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Analytical Chemistry: Michael Sigl from PSI / Switzerland lectures on traces of Icelandic volcanic eruptions between 500-1250 AD detected in ice cores. The VIKINGS project is interdisciplinary and involves many researchers. Photo: Gunn Kristin Tjoflot
Published Sep. 7, 2018 12:49 PM

The Department of Geosciences has several externally financed projects, in 2017 external research support contributed 50% of the department's economy. On Monday the 27th of August there was a start-up meeting for one of the newest projects - Volcanic Eruptions and their Impacts on Climate, Environment, and Viking Society in 500-1250 CE (VIKINGS). The project is supported by FRIPRO/Toppforsk/FRINATEK.

Diabasodden: Course participants during the field excursion in Sassenfjorden.
Published Aug. 17, 2018 1:49 PM

The PhD course "Arctic tectonics, volcanism and climate" was held early August in the high north. The intensive week-long course held in Longyearbyen, Svalbard, brought together 15 students and 11 lecturers from 9 universities around the world. The course was funded through the DEEP Research School and the NOR-R-AM project, and UNIS.

Published Mar. 26, 2018 1:40 PM

The CEED grandfather Kevin Charles Anthony Burke passed away on March 21, 2018. Kevin was one of the giants in geology and tectonics and his original and thought-provoking contributions were published steadily for more than six decades. Kevin was recognized with many honors, including the 2007 Geological Society of America's Penrose Medal and the 2014 European Geosciences Union Arthur Holmes medal, the highest Awards from both Societies.

Published Feb. 8, 2018 9:31 AM

The Earth is cooling. It is losing heat that is/was formed by the radioactive decay of isotopes, as well as from the heat that was formed during planetary accretion. Heat flow thus underpins all aspects of Earth’s evolution and processes including mantle convection and plate tectonics. Heat flow measurements are useful in that they provide a snapshot into the thermal state at a given location. Steady state surface heat flow (whether that be from the seafloor or on land) varies around the world, and depends on a number of factors including the tectonic setting.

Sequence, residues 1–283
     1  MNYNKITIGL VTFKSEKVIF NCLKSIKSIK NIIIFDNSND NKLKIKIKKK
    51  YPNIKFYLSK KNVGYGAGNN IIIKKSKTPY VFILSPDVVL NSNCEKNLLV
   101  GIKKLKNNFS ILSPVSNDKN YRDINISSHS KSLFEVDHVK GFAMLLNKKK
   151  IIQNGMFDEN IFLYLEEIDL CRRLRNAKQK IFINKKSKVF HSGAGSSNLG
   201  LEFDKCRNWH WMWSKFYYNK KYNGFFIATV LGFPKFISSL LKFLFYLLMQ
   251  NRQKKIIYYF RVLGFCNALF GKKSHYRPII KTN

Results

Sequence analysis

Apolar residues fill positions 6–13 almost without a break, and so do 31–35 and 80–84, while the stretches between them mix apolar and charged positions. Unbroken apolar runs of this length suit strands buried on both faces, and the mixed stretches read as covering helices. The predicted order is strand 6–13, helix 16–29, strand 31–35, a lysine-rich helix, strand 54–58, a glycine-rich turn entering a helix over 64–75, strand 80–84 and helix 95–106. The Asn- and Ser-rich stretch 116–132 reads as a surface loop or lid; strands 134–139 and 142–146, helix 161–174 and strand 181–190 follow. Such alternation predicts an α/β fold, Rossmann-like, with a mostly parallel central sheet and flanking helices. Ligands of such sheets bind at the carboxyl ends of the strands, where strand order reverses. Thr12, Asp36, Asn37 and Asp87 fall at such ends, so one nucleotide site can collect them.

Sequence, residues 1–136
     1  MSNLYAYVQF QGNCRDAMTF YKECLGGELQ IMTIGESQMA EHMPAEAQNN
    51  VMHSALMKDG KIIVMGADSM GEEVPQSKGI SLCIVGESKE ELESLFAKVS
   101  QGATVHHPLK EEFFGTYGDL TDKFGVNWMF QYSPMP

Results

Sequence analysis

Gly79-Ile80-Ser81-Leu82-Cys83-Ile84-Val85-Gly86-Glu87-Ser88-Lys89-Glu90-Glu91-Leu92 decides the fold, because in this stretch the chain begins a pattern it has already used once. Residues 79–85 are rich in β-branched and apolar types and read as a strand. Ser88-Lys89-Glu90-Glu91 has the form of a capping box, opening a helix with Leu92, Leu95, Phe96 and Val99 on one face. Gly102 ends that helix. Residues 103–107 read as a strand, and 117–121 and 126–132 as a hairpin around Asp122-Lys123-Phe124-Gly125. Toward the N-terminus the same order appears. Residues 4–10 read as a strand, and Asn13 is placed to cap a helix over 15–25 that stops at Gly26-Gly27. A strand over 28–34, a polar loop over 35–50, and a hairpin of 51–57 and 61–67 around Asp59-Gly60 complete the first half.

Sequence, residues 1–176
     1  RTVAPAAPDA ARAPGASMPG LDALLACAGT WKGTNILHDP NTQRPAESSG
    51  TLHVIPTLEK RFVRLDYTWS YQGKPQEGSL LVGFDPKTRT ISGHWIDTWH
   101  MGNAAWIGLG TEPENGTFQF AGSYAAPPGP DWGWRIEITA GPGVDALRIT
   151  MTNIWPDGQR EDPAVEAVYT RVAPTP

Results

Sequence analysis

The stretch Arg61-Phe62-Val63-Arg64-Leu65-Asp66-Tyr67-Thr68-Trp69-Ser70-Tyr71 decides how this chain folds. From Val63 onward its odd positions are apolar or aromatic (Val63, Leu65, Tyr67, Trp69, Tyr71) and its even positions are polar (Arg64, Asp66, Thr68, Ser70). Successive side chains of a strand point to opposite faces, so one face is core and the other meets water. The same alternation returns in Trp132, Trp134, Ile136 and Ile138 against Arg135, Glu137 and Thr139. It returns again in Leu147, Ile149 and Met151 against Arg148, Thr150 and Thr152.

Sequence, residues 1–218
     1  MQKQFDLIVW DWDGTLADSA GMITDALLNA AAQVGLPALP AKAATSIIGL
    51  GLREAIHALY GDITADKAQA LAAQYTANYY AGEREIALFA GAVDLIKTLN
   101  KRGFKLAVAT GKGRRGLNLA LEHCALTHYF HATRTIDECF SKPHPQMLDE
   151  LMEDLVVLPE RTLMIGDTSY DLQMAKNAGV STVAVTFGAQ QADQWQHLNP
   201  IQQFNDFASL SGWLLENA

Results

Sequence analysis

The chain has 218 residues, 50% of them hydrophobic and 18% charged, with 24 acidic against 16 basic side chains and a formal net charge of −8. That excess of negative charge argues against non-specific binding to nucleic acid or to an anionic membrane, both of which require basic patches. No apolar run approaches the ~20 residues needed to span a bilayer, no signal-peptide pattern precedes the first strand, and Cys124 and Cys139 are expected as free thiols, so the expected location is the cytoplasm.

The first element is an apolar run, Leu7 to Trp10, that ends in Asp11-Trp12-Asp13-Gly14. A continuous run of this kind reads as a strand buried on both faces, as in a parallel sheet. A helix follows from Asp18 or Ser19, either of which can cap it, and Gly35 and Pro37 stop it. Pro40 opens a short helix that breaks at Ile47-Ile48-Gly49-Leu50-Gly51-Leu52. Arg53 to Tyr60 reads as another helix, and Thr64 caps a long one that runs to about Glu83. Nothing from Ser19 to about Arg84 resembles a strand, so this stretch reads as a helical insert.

Pangea with the The Central Atlantic Magmatic Province in red. Illustration: Research team/CEED
Published Feb. 2, 2018 4:54 PM

The End-Triassic extinction is one of the largest mass extinctions in the history of Earth. It has been hypothesized that greenhouse gases released from volcanic activity of the Central Atlantic Magmatic Province (CAMP) triggered the extinction. New models in a recent study demonstrate that large-scale gas generation followed the sill emplacement of CAMP in sedimentary basins in northern Brazil.

Published Aug. 3, 2017 12:06 PM

This week saw the conclusion the UiO International Summer School course "A Changing Arctic". The annual 6 week course is a blend of social science, law, and natural science lectures, and this year saw 13 students from a range of professional backgrounds and nationalities attend. As in previous years, CEED is heavily involved in the program; Carmen Gaina is course leader and a lecturer, course assistant is Grace Shephard, and this year's line-up included a lecture from Anne Hope Jahren